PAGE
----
The Isle of Athelney (in the right of the photo) is a twin peaked hill containing a monastic site and a Saxon occupation site claimed to be a stronghold of Alfred the Great.  The village of East Lyng is the site of a Saxon burh, or defended town, the outline of which more or less follows the area left above the flood water in the left of the photo. The two are connected by a strip of dry land that follows the Balt Moor Wall, a medieval causeway that acts as a flood defence today. Looking at this picture it is easy to see why the Saxons might have selected these locations for their settlements.

5. Wreck of SV Carl, Booby’s Bay, Cornwall

re exposed wreck of the SV Carl, Booby's Bay, North Cornwall 03-02-2014. Photo Dave Hooley
©Dave Hooley

 The storms of early 2014 that ravaged much of Britain’s coastline revealed some previously forgotten sites. On the beach at Booby’s Bay, near Padstow in Cornwall the remains of a boat were exposed. The SV Carl was a German boat that sunk in 1917 as it was being towed from Cardiff to London. The boat had remained largely buried under beach sand and was unknown to many local people until the storms removed tons of sand from the beach revealing the wooden hull of the boat.

6. Formby Footprints

Formby footprints
© Gordon Roberts

For over 50 years people have noticed human and animal footprints on the beach at Formby Point, in patches of firm mud exposed at low tides. The footprints were made in soft ground on sand bars around what was a tidal lagoon between 7500 and 4500 years ago. Today these prints are exposed as the sea erodes overlying sediment. However, the footprints are extremely fragile and are destroyed by the sea almost as quickly as they are exposed. A dedicated group of local people has recorded the footprints over many years as they have become exposed. These records have enabled some fascinating insights into the people walking these shores millennia before.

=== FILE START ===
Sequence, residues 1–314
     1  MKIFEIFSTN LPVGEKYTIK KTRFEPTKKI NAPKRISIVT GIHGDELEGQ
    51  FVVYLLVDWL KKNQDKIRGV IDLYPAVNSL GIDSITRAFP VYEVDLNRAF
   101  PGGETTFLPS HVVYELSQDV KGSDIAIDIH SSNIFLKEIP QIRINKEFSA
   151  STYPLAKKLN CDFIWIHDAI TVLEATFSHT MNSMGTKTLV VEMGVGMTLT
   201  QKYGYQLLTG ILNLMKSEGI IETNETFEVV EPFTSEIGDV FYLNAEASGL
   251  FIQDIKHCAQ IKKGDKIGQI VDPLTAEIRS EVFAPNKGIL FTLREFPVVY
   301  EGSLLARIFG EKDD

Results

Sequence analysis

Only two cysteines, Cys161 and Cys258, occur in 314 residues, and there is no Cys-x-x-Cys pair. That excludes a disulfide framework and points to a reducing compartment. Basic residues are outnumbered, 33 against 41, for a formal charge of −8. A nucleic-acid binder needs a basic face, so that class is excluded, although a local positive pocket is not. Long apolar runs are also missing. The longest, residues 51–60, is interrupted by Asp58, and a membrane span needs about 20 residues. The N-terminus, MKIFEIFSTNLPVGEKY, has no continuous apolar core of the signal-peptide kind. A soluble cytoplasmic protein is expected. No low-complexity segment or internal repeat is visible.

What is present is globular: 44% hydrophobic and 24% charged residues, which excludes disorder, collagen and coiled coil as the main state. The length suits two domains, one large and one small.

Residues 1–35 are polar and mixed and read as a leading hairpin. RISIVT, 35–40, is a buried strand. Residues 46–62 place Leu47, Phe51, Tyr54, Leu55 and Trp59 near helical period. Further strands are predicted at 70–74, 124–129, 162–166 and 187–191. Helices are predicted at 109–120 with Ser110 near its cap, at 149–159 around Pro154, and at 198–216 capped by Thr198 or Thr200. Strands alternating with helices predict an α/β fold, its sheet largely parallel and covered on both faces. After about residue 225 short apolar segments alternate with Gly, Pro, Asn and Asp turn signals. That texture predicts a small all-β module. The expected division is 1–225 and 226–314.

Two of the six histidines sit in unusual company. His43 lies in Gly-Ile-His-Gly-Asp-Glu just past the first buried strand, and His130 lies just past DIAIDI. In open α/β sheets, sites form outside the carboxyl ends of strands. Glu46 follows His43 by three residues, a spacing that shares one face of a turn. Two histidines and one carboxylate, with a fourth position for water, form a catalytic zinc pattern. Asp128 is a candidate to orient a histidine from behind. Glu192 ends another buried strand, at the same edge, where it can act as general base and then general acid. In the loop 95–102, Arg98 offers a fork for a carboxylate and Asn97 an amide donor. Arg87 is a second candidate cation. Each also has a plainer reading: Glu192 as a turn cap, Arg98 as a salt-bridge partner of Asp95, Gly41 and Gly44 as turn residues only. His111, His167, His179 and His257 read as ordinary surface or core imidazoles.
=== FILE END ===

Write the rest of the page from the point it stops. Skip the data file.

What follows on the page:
Written by Hannah Fluck, Historic Environment Intelligence Officer, Historic England.

If you’ve been inspired and want to get involved with recording coastal heritage in your area, get in touch with the CITiZAN project.

And if you do happen to make an archaeological discovery then you can find the details of your local authority archaeologist and your Historic Environment Record here.

Further Reading

10 comments on “Discovered by Disaster: 6 Astounding Archaeological Finds from Environmental Change

  1. Steve lawrance

    I often walk the mud flats nr Harwich,Essex and often find flint tools,bones,& some late iron age pottery. With erosion happening so fast especially during the winter storms .what is the best to keep a record of the finds as I feel a lot of history and archeology will be lost

  2. Trevor Michael Archbold

    Can you help me please just a name or a phone number im trying to obtain information regarding the royal military road West Hythe dam ct21 kent and the army from the 1940 anything may help me iv been trying for more than 6 years my number is 07842511125 thank you for your time trevor archbold

  3. The Environment Agency flood warning website is a great way to visualise the ancient landscape of Somerset. The little ‘islands in the marsh’ really stand out.

  4. Trevor archbold

    Can anyone help me please my name is trevor archbold at 52 St Marys road dymchurch Romney Marsh Kent tn290pn phone 07842511125 i need information on the access from West Hythe bridg to the dam

  5. Reblogged this on The Jackson Diner.

  6. Reblogged this on The Owl Lady.

Leave a Reply

%d bloggers like this: